FOREAL: partners in design

Benjamin Simon and Dirk Schuster have always come as a pair. After attending design school together, the duo honed their skills at various European studios before going freelance, sharing several flats along the way. Now, as they take their first steps as independent creative agency FOREAL, they tell us about their close working relationship – both with each other and their neon Jesus.

What prompted you to start your own creative agency?
Neither of us wanted to be the whore of a creative director anymore. We were longing for self-expression and independence, which includes the choice of our location. And of course we wanted to get a bigger piece of the pie.

What’s your studio like?
Our studio is based in the historical post office of Germany’s oldest city, Trier. It’s equipped with a white casting couch, a coffee machine, a shelf with design books and a lot of retro trash, such as our pink flamingo and our neon Jesus painting.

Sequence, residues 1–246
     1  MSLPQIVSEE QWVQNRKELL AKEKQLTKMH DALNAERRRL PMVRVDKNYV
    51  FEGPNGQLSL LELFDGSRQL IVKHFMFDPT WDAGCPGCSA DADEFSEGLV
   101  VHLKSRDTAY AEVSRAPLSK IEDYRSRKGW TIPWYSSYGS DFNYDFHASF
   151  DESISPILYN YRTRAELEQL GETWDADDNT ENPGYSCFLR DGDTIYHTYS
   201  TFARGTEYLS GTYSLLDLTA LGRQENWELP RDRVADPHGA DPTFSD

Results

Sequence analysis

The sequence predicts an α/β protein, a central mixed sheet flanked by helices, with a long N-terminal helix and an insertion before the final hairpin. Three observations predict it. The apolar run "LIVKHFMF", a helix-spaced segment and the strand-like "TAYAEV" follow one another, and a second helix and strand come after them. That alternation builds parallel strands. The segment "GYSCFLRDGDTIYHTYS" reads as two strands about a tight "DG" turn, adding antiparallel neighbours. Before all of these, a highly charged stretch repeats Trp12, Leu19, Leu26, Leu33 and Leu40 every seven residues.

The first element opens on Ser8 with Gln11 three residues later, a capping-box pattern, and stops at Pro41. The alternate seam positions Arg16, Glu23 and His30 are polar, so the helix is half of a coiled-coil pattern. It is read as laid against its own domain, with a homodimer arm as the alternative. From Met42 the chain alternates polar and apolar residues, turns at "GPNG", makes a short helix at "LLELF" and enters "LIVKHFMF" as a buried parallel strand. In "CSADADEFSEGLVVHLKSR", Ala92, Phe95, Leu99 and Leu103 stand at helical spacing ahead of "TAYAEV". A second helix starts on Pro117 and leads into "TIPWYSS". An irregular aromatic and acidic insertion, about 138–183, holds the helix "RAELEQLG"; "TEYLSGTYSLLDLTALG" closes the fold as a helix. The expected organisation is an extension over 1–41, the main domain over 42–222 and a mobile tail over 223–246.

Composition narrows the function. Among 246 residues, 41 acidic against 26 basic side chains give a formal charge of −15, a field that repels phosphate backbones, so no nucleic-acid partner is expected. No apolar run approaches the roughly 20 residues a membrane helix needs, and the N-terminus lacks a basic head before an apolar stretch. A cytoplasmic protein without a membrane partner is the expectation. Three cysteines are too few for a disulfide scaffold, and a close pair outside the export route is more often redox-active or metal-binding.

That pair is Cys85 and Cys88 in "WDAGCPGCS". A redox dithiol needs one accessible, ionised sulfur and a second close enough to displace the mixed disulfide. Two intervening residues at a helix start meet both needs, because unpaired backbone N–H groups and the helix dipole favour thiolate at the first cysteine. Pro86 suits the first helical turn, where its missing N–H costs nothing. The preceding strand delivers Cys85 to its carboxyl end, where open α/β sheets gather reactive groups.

How will you manage the workflow?
Mostly we’ll work together on our projects. We’ve established a kind of ping-pong approach – at different stages we pass the project on to the other person.

What are your aims as a design studio?
It’s important for us to create a bold and graphic overall look, and we love to put a little extra effort into the materials to get a realistic haptic feeling in the details. We aim to transform each project into delicious and unique eye candy.

Have there been any challenges so far?
There haven’t been any really big problems so far. Of course, you have to take care of taxes, handle clients who aren’t willing to pay and get up early when the previous night has been a bit longer – but those are problems every creative has.

How did you go about establishing a client base from scratch?
While we were working as freelancers we already had a lot of requests from international clients through our online portfolios and networks like Behance.

Do you have plans to expand?
As we’ve just started, we’re focusing right now on our own daily business. We both agree that we don’t want to get too big. Being a small studio means we can be more flexible, independent and to do the kind of work that we love to do.

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